Smart water solution

(From left) Akhil Nichani, Jay Puducheri and Shantanu Vyas.  

If you live in Chennai, you cannot miss the long lines snaking in front of water tankers, as women and children wait, colourful plastic pots in hand, for their turn to come. Collecting water for domestic use is an arduous and thankless task that mostly falls upon the family’s women, taking up a good portion of their daily time.

It is to change this that a bunch of youngsters from Chennai got together to find a solution. A group of 15 college students are making Paani Genie, a 90-litre plastic barrel that can be rolled on the ground with the help of a steel handle attached to it.

“A standard plastic pot ( kodam) holds 15-20 litres of water and, in most cases, women make multiple trips carrying two pots at a time to meet their family’s needs,” says Jay Puducheri, president of the Paani Genie company. “With Paani Genie, we want to reduce the trips and the physical labour.”

Inspired by the Hippo Water Roller Project in South Africa, the team is now making Paani Genies for supply to a village two hours outside Chennai. “We’re working closely with the Hippo Water Roller Project and use their expertise not just to make the container but also to explain its use to the people. We have chosen Vinayaganallur, which has a significant water problem during summer. With around 100-150 houses, the village isn’t too large for us to run a product trial. Considering it is just two hours away from the city, we can go there every weekend,” the team says. Jay and Akhil are students at SRM University, while Shantanu is pursuing a distance education course from the University of London.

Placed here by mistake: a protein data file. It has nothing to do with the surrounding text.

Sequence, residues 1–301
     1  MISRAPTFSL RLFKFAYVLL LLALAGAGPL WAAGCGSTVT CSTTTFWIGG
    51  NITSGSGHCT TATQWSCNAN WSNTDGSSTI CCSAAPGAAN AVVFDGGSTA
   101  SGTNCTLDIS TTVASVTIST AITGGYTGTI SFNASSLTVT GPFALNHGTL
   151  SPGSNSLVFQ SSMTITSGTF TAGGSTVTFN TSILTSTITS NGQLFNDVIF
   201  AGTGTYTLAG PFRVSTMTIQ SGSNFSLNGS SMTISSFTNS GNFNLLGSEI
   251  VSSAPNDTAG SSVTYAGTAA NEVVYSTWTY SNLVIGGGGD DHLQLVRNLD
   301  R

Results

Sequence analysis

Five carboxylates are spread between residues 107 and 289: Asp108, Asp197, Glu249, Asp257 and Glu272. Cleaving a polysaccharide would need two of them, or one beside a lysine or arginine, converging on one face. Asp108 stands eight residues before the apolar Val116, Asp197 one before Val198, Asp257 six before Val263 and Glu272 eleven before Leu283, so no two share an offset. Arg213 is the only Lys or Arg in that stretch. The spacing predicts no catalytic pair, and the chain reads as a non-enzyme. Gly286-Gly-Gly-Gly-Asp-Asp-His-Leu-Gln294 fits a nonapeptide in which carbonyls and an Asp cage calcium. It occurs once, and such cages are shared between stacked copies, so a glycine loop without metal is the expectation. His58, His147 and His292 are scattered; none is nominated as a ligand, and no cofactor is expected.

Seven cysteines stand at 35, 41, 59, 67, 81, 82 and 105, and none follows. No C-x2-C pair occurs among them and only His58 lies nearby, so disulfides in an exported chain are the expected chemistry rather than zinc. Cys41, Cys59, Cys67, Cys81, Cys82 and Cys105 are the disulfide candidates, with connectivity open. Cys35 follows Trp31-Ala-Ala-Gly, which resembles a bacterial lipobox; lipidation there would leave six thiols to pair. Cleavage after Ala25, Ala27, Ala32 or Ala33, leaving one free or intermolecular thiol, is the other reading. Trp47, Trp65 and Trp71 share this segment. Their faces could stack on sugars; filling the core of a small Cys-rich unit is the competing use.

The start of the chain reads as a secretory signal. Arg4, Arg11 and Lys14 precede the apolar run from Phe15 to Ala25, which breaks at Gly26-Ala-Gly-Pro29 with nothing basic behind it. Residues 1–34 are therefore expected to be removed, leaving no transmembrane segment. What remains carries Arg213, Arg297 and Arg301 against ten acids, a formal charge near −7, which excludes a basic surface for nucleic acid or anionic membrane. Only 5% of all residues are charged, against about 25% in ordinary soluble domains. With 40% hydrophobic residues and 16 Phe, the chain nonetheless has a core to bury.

The Hippo Roller is made of linear low-density polyethylene, but Paani Genie is being made with high density polyethylene to suit India’s rough terrain. “We expect each roller to last three to five years. The idea was to create an all-terrain roller of high quality. Also, since we have no plans of giving it for free, we expect the users to take good care of it and not treat it like a freebie.”

It takes Rs. 3,500 to make each Paani Genie, which is raised from individual, social-minded sponsors. “We will hand over the rollers at a reasonable cost of Rs. 100 to a few people and observe its use. When limited to a small group, it will be easier to keep track. Also, it is important to note what they do with the roller, once water supply improves after summer.”

The team has no intention to patent the product. “We’re not here to make a profit. Nor do we want others to misuse it. This is why we’re going to make the product licence free. It shouldn’t be limited to a few homes and places, its reach should be wider,” says the team.

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Printable version | Jan 16, 2021 6:13:13 PM |

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